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Soil and Water Science

UF/IFAS Department of Soil, Water, and Ecosystem Sciences Extension faculty translate current and relevant soil and water science knowledge into user-friendly form for Florida residents, visitors, industry, business, governmental agencies and county agents.

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Editorial Team

  • Rao Mylavarapu - Editor
  • Matt Whiles - Chair, Approver
  • Paul Roberts - ICS Editor

RECENT & REVISED PUBLICATIONS

Pasture’s Role in Climate Change Mitigation

SS708/SL495by Maria Silveira, Rosvel Bracho, Curtis Dell, and Abmael CardosoSeptember 25th, 2022This new 4-page publication of the UF/IFAS Department of Soil, Water, and Ecosystem Sciences provides information about the role of native and cultivated pastures in climate change mitigation and the opportunities and challenges for improving carbon sequestration in agroecosystems. Climate change mitigation in the context of this publication refers to actions that reduce the rate of climate change. This information should be of interest to stakeholders, students, scientists, and environmental agencies interested in enhancing ecosystems services provided by grazing lands. Written by Maria Silveira, Rosvel Bracho, Curtis Dell, and Abmael Cardoso.Critical Issue: Natural Resources and Environment

Irrigation Scheduling Tips for Tropical Fruit Groves in South Florida

TR001/TR001 by Haimanote K. Bayabil, Kati W. Migliaccio, Jonathan H. Crane, and Yuncong LiSeptember 12th, 2022This fact sheet provides irrigation scheduling tips to growers of tropical fruit (e.g., avocado, mango, papaya, etc.) in south Florida. Written by Haimanote K. Bayabil, Kati W. Migliaccio, Jonathan H. Crane, and Yuncong Li, and published by the UF/IFAS Department of Agricultural and Biological Engineering, revised September 2022.Critical Issue: Water Quality and Conservation

Private Well 101: Drinking Water Standards

SS297/SL159by Yilin Zhuang, Andrea Albertin, and Arthur G. HornsbyJune 29th, 2022Drinking water comes from a variety of sources, including public water systems, private wells, or bottled water. While public water systems are monitored under the federal Safe Drinking Water Act, private wells are not regulated. Private well users are responsible for the management and protection of their wells and water quality. This publication of the Department of Soil, Water, and Ecosystem Sciences is for Florida homeowners who are interested in learning more about drinking water standards. It also serves as a reference for well owners to understand their drinking water quality. Major revision by Yilin Zhuang, Andrea Albertin, and Arthur G. Hornsby; 10 pages.Critical Issue: Water Quality and Conservation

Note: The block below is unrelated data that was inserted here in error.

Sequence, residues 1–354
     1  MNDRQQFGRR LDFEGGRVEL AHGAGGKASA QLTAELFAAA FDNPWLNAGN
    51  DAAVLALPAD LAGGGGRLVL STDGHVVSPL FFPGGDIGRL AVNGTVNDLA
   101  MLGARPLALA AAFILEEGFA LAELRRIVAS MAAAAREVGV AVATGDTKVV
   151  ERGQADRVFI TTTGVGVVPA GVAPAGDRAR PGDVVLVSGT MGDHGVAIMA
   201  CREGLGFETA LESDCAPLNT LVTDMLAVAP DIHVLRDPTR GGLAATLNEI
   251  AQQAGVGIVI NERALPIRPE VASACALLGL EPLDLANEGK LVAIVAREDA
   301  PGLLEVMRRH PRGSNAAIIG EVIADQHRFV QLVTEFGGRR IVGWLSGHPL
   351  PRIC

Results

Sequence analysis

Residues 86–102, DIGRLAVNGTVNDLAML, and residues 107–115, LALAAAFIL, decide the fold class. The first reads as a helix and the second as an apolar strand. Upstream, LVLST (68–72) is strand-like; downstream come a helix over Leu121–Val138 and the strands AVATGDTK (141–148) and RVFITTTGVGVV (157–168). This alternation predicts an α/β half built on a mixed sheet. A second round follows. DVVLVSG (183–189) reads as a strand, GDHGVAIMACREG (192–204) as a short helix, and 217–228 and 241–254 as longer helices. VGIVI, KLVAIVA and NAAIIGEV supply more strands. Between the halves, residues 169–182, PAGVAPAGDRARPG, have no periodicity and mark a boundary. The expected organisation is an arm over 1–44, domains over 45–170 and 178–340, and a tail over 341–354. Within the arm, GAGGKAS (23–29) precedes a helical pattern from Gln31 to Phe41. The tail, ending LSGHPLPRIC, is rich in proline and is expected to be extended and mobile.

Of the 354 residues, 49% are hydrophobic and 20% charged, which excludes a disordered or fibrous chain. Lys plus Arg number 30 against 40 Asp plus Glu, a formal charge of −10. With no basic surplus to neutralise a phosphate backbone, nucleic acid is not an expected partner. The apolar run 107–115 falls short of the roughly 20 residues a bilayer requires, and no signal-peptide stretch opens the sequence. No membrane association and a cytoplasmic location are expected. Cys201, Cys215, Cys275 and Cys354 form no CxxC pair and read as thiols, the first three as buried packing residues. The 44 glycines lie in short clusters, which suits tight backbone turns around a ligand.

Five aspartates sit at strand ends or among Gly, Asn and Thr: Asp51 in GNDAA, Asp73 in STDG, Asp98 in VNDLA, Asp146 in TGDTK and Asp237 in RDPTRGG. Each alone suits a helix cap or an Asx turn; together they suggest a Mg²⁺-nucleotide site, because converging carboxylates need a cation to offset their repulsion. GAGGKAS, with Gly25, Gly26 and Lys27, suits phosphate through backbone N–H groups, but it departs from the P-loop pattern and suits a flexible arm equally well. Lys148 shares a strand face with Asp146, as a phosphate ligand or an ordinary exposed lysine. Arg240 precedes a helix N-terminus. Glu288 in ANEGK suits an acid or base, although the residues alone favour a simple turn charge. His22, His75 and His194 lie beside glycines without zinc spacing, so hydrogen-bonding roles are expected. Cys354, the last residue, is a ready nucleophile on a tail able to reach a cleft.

Ecosystem Services Provided by Living Shorelines

SS707/SL494by Ashley R. Smyth, Laura K. Reynolds, Savanna C. Barry, Natalie C. Stephens, Joshua T. Patterson, and Edward V. CampMay 30th, 2022The purpose of this new 6-page document is to explain the types of ecosystem services provided by different types of living shorelines and how to quantify these values. The target audience for this document is local governments and municipalities that make decisions about developing, conserving, and restoring living shorelines; state management agencies that oversee broader scale habitat management; and finally, homeowners who will be immediately affected by any of these decisions. Written by Ashley R. Smyth, Laura K. Reynolds, Savanna C. Barry, Natalie C. Stephens, Joshua T. Patterson, and Edward V. Camp and published by the UF/IFAS Department of Soil, Water, and Ecosystem Sciences.Critical Issue: Natural Resources and Environment

Repensando el papel del nitrógeno y fósforo en la eutrofización de los ecosistemas acuáticos

SG191/SGEF190sby H. Dail Laughinghouse IV, Ashley Smyth, Karl Havens y Thomas FrazerApril 25th, 2022Históricamente, las agencias ambientales han buscado mejorar la calidad del agua de los lagos y ríos de agua dulce mediante el manejo de un solo nutriente. El fósforo era el nutriente principal de preocupación en los sistemas de agua dulce y el nitrógeno estaba regulado en los sistemas costeros y estuarios. Investigaciones recientes indican que debemos reducir tanto el fósforo como el nitrógeno para revertir los síntomas de eutrofización en todos los sistemas acuáticos. This new 5-page publication of the UF/IFAS Department of Soil and Water Sciences, written by H. Dail Laughinghouse IV, Ashley Smyth, Karl Havens, and Thomas Frazer, is a translation of SGEF190/SG118, "Rethinking the Role of Nitrogen and Phosphorus in the Eutrophication of Aquatic Ecosystems."Critical Issue: Water Quality and Conservation